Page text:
PHOENIX — No one really knows what the Cubs will look like after the July 30 trade deadline. But the message the team is carrying into the second half is to stay in the moment.
After a rough ending to the first half, the Cubs took two of three games from the Diamondbacks. They can’t turn their season around in one series, but finding something to build off of going into the series against the Cardinals is a start.
“I think these guys are in the right frame of mind,” manager David Ross said after the Cubs’ 6-4 loss Sunday. “The things they’re doing, the energy they’re bringing, the way they’ve gone about their business, from the workout all the way through this series, it’s been positive.
“Good at-bats. I haven’t seen anybody not focused, not giving effort. Not giving anything away, to be honest with you. I [think] these guys are really excited about the second half and the potential of trying to get this thing back on track.”
The series victory was the Cubs’ first since June 11-13 against the Cardinals. Their 11-game losing streak put them in a deep hole in the National League Central, and getting back in the race won’t happen overnight.
“We really needed that reset at the All-Star break,” first baseman Anthony Rizzo said Friday.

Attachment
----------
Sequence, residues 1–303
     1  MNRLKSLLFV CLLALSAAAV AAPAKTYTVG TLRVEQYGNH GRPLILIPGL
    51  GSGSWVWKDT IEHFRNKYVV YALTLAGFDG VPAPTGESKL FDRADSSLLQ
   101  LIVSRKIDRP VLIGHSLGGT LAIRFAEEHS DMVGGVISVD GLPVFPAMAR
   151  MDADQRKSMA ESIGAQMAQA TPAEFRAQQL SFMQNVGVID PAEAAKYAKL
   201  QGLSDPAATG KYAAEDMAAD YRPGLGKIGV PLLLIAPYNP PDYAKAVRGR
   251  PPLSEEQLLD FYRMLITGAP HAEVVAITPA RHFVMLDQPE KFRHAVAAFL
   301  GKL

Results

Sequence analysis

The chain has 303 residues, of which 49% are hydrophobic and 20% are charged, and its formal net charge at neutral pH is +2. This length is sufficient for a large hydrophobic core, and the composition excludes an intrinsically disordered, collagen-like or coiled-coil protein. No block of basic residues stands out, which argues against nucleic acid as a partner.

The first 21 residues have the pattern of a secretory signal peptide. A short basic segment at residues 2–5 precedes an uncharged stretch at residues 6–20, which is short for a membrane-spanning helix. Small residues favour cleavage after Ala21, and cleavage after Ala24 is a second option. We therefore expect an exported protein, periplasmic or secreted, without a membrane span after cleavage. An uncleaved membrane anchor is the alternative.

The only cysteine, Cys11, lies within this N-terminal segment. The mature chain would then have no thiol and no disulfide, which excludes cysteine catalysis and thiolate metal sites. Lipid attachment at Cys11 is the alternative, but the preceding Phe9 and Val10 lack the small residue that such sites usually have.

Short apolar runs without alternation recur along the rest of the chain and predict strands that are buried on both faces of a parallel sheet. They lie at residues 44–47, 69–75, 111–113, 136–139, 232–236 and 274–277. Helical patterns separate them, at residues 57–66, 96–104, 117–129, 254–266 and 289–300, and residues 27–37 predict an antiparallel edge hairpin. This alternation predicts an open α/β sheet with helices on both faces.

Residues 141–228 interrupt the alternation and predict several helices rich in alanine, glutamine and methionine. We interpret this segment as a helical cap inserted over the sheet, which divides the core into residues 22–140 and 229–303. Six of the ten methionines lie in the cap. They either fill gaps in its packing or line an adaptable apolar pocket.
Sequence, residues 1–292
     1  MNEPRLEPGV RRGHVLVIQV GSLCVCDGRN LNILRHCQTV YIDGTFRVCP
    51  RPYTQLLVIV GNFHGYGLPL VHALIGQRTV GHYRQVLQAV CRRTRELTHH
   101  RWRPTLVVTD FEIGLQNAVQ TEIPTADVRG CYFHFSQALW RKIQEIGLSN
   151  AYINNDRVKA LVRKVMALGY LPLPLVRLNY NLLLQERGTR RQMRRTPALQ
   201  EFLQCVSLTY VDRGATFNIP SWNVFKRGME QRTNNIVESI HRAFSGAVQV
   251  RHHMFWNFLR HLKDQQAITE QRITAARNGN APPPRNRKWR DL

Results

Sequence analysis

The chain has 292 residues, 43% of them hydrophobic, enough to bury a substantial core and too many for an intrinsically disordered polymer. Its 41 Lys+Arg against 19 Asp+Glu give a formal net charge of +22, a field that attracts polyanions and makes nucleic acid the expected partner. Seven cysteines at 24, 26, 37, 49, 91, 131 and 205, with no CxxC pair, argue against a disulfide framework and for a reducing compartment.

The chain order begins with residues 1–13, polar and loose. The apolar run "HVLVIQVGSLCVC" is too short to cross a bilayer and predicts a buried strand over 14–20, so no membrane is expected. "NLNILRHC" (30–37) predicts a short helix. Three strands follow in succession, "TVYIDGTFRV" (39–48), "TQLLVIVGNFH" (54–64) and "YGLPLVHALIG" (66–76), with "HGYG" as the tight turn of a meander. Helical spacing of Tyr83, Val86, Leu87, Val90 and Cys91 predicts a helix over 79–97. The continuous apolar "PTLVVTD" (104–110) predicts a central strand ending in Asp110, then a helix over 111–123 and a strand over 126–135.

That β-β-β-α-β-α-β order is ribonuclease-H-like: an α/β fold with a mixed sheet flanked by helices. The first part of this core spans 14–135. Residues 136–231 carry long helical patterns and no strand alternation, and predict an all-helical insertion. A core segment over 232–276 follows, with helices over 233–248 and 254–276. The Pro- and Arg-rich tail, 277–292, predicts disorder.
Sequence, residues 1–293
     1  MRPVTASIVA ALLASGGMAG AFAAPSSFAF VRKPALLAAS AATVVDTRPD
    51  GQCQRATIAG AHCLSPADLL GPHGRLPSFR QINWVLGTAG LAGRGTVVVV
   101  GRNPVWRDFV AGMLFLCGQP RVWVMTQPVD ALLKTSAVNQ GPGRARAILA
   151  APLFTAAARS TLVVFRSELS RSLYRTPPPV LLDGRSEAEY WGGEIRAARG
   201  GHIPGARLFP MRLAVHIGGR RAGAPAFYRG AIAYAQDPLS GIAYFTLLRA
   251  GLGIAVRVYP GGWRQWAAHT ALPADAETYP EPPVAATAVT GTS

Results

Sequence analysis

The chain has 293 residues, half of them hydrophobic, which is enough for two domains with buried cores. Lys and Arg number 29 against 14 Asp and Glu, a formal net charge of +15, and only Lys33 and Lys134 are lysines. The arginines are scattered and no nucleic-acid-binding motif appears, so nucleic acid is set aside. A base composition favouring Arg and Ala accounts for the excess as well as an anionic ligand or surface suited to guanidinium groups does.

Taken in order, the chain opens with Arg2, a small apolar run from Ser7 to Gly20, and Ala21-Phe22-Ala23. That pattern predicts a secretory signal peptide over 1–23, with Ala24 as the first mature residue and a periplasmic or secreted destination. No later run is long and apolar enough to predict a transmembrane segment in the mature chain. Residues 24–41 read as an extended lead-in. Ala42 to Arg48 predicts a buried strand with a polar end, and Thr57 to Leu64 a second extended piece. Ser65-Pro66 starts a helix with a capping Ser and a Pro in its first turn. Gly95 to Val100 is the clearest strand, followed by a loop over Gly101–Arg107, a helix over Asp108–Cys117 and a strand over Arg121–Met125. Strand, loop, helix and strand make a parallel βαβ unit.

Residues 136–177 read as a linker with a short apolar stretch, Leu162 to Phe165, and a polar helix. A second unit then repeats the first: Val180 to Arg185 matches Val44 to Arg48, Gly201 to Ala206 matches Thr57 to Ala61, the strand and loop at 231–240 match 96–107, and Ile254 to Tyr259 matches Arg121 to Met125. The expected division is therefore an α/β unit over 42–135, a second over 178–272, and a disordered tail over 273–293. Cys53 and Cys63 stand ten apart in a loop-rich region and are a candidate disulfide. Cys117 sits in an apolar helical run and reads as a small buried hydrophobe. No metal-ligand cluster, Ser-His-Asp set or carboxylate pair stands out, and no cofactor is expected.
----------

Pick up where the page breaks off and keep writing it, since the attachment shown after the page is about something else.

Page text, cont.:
“Just the message of going 1-0. It’s so cliché, and it’s so easy to say, but it’s hard to do. And I think we can just embrace winning today and win the day and enjoy it.
“If you lose, you just come out the next day and try to win that day. Try to do the best you can do, take that mentality, especially for these next two weeks with all the stories that are gonna be flying.”
It’s no secret that the Cubs’ clubhouse could look significantly different after the end of the first half dramatically changed the course of their season. That could distract a team with as many veteran players as the Cubs could have on the move, but their approach to the second half also applies to the upcoming trade deadline.
“It’s definitely all mental,” right-hander Kyle Hendricks said. “You just have to keep reminding yourself, we’re gonna be playing baseball no matter what, and [trades] happen all the time. Guys come and go. It’s unfortunate; it’s part of the game. You get close with guys, and they leave.
‘‘But everyone that enters this clubhouse is a part of the family, whoever we have at the moment. And so that’s what we focus on. We focus on what we have now.”
“We also have to understand that this is a business,” catcher Willson Contreras said.
“I know that those decisions, we can’t control, but we have to keep looking forward. And we just have to find a way to keep playing better baseball more than anything else.”